4. Abstract. Ice-nucleating particles (INPs) are efficiently removed fromclouds through precipitation, a convenience of nature for the study of thesevery rare particles that influence multiple climate-relevant cloudproperties including ice crystal concentrations, size distributions andphase-partitioning processes. INPs suspended in precipitation can be used toestimate in-cloud INP concentrations and to infer their originalcomposition. Offline droplet assays are commonly used to measure INPconcentrations in precipitation samples. Heat and filtration treatmentsare also used to probe INP composition and size ranges. Many previousstudies report storing samples prior to INP analyses, but little is knownabout the effects of storage on INP concentration or their sensitivity totreatments. Here,more »through a study of 15 precipitation samples collected at acoastal location in La Jolla, CA, USA, we found INP concentration changes upto > 1 order of magnitude caused by storage to concentrations ofINPs with warm to moderate freezing temperatures (−7 to−19 ∘C). We compared four conditions: (1) storage at roomtemperature (+21–23 ∘C), (2) storage at +4 ∘C, (3) storage at −20 ∘C and (4) flash-freezing samples with liquid nitrogen prior to storage at −20 ∘C. Results demonstrate that storage can lead to bothenhancements and losses of greater than 1 order of magnitude, withnon-heat-labile INPs being generally less sensitive to storage regime, butsignificant losses of INPs smaller than 0.45 µm in all tested storageprotocols. Correlations between total storage time (1–166 d) and changesin INP concentrations were weak across sampling protocols, with theexception of INPs with freezing temperatures ≥ −9 ∘C in samples stored at room temperature. We provide thefollowing recommendations for preservation of precipitation samples fromcoastal or marine environments intended for INP analysis: that samples bestored at −20 ∘C to minimize storage artifacts, thatchanges due to storage are likely an additional uncertainty in INPconcentrations, and that filtration treatments be applied only to freshsamples. At the freezing temperature −11 ∘C, average INPconcentration losses of 51 %, 74 %, 16 % and 41 % were observed foruntreated samples stored using the room temperature, +4, −20 ∘C, and flash-frozen protocols, respectively.Finally, the estimated uncertainties associated with the four storage protocolsare provided for untreated, heat-treated and filtered samples for INPsbetween −9 and −17 ∘C.« less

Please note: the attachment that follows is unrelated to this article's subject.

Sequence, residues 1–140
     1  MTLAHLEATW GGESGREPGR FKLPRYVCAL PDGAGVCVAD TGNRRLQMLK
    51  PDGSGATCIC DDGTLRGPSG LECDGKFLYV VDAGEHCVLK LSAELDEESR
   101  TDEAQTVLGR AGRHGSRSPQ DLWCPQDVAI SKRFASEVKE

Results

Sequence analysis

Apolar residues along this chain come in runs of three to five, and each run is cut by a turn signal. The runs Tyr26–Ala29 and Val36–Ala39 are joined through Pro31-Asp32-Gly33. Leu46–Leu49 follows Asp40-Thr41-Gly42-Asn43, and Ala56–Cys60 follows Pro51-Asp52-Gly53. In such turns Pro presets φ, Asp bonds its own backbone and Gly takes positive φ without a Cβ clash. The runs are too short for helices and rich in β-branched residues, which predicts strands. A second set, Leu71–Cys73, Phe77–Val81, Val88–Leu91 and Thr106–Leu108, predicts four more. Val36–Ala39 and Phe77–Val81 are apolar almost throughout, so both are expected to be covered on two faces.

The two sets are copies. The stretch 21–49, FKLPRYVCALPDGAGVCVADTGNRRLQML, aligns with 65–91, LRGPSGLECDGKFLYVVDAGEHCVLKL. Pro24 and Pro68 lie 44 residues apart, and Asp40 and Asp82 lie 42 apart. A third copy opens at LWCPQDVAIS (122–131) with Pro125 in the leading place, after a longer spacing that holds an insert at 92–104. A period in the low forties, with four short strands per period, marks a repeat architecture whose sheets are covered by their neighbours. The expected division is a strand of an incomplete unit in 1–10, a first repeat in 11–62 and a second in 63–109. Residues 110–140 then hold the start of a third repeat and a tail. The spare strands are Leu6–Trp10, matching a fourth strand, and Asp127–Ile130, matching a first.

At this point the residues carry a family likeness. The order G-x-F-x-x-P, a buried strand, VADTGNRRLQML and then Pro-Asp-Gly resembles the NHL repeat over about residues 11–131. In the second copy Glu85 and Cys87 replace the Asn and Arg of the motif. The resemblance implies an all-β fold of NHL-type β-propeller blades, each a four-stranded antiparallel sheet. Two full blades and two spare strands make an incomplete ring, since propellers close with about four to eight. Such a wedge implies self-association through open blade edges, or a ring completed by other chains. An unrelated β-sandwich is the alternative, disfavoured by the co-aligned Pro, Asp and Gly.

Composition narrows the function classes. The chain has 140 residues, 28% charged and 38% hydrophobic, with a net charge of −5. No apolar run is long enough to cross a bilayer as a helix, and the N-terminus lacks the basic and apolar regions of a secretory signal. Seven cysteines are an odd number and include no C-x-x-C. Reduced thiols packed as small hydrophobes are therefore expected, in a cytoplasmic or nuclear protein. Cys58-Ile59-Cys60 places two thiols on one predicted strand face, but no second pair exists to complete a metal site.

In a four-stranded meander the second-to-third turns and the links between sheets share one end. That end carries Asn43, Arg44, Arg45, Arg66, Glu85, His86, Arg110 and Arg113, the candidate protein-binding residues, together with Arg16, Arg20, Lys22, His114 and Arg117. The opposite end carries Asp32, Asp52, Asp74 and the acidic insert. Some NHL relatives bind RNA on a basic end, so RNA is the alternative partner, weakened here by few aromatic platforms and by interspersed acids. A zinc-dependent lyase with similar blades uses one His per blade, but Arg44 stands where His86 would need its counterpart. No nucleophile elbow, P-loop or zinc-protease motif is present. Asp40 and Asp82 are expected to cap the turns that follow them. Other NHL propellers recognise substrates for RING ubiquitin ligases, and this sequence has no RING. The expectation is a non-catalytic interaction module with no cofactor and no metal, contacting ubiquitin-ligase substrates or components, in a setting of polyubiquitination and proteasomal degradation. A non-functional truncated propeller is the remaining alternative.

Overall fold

5. Modern day data centers are operated at high power for increased power density, maintenance, and cooling which covers almost 2 percent (70 billion kilowatt-hours) of the total energy consumption in the US. IT components and cooling system occupy the major portion of this energy consumption. Although data centers are designed to perform efficiently, cooling the high-density components is still a challenge. So, alternative methods to improve the cooling efficiency has become the drive to reduce the cooling cost. As liquid cooling is more efficient for high specific heat capacity, density, and thermal conductivity, hybrid cooling can offer the advantage ofmore »liquid cooling of high heat generating components in the traditional air-cooled servers. In this experiment, a 1U server is equipped with cold plate to cool the CPUs while the rest of the components are cooled by fans. In this study, predictive fan and pump failure analysis are performed which also helps to explore the options for redundancy and to reduce the cooling cost by improving cooling efficiency. Redundancy requires the knowledge of planned and unplanned system failures. As the main heat generating components are cooled by liquid, warm water cooling can be employed to observe the effects of raised inlet conditions in a hybrid cooled server with failure scenarios. The ASHRAE guidance class W4 for liquid cooling is chosen for our experiment to operate in a range from 25°C – 45°C. The experiments are conducted separately for the pump and fan failure scenarios. Computational load of idle, 10%, 30%, 50%, 70% and 98% are applied while powering only one pump and the miniature dry cooler fans are controlled externally to maintain constant inlet temperature of the coolant. As the rest of components such as DIMMs & PCH are cooled by air, maximum utilization for memory is applied while reducing the number fans in each case for fan failure scenario. The components temperatures and power consumption are recorded in each case for performance analysis« less